The Kouga Wind Farm bursary programme, which started small in 2018, now supports 25 students at 10 different tertiary institutions, which include public, private and TVET colleges.
Depending on their needs, funding covers tuition, books, accommodation and living expenses.
Through a partnership with the Masinyusane Development Organisation, students are also provided with mentors and self-development workshops. Conditions of this bursary require that the students pass at least 75% of their modules and complete 50 hours of volunteer work in their communities.
These are a few of the bright, hard-working bursary students that we are proud to be sponsoring this year. Here are…Posted by Kouga Wind Farm on Friday, 1 May 2020
This year they have faced massive disruptions, as campuses closed due to Covid-19. Before the lockdown, Masinyusane delivered laptops to those who needed them, making sure the students were equipped for online learning for the indefinite lockdown period ahead.
Jim McKeown from Masinyusane says: “More than ever, students need support. These kids are lucky to have the wind farm sponsoring mentors.
“A lot will be new – having someone to talk to and ask advice from is a big advantage. With many other bursary schemes that personal connection isn’t there.”
“I can’t believe the change that the bursary has made in my life. My mother is a single parent. She supports me and my sister, and some cousins also live with us. Had it not been for the bursary, I wouldn’t have been able to further my studies. “Student beneficiary Luvo Tewu
Luvo Tewu, of KwaNomzamo next to Humansdorp, is in his third year of studying Financial Information Systems at the Cape Peninsula University of Technology.
“I became aware of the scheme when I attended an event sponsored by Kouga Wind Farm, ” he says. “ Besides paying for my tuition, transport, and accommodation, and providing a stipend, they make regular contact to see how I’m doing.
“They’ve even travelled to Cape Town to see me. I’ve always been a very hardworking student, and when they give me a ‘bonus’ for every distinction I get, it makes me want to work even harder.
“This year was going to be great; my final year. I was supposed to graduate in December, but then I had to come home. They say we will begin again in June.
“I really hope so, but I am so grateful that I don’t have to worry about finances.”
This is what some of the other student beneficiaries had to say:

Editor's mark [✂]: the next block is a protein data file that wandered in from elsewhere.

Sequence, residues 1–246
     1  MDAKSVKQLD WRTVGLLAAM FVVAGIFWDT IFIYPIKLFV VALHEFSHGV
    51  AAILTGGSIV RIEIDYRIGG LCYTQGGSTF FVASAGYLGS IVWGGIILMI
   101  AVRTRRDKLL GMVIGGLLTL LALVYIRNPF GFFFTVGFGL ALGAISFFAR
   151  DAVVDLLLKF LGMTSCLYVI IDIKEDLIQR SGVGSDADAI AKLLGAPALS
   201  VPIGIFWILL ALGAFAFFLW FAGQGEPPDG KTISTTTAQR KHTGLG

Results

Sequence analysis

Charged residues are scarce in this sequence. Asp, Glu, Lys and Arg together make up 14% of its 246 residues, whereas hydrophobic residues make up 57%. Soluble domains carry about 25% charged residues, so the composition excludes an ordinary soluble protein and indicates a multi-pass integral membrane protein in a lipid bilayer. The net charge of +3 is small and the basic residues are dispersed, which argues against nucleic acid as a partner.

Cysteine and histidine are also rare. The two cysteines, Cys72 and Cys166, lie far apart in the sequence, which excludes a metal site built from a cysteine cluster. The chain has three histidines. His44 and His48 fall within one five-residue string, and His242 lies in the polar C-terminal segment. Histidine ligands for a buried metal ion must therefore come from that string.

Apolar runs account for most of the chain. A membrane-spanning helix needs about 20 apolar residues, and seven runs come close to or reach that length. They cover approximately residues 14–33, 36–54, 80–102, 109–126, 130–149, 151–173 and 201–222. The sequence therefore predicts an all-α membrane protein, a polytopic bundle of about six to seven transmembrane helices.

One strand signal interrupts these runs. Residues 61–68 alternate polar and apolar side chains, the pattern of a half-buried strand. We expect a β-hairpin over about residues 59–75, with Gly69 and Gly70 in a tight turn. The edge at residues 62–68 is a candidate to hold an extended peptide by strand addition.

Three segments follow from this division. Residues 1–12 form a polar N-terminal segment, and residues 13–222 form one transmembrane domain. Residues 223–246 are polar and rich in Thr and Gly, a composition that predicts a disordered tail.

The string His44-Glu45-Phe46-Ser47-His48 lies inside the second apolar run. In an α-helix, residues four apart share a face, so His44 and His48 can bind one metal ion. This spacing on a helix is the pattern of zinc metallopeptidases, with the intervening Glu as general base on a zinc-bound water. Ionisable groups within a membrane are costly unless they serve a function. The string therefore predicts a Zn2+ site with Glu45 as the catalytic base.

Anelisa Adams (Sea Vista)
Degree: Bachelor of Education – Foundation Phase (second year)
Institution: Varsity College
“At home, it’s my mother, me and my younger sister. I found out about the bursary scheme on Facebook, so I applied online. No-one in my family had done tertiary education before, so I did not imagine that I could.
“What’s great is that they didn’t restrict my study area. They just want us to get involved in community service. Last year I worked at our community library reading to the young kids and did admin at the council office.
“The sponsors have been so supportive. We had a robbery last yea, and they were even prepared to pay for counselling. I used to wait for other students in the residence to finish on their laptops before I could do my assignments, so they supplied me with a laptop.
“Most of our studies are online at the moment. My stipend covers my data costs, which allows me to submit assignments.”
Llewellyn Breda (Kruisfontein)
Degree: Bachelor of Arts – Motion Picture (first year)
“This bursary has been a dream come true for me. I matriculated in 2012, and since then I’ve worked in construction, retail and graphic design.
“I was determined to work and save to buy my first camera, and also to help my single mother feed our family. I’ve been doing so since I got my first job in Grade 9. When I read about the bursary on Facebook, I was so excited.
“Without this opportunity I don’t know how long it would have taken me to get to university. The fact that the bursary covers my accommodation, fees and a monthly stipend means I’m able to keep helping my mother, especially now that she is unable to work because of the lockdown.
“I’m determined to give back to my community once I’ve completed my studies. I am keen to introduce local schools to film-making.
“I also want to promote local people and talent via the films that I will make. We have so much to offer the world.”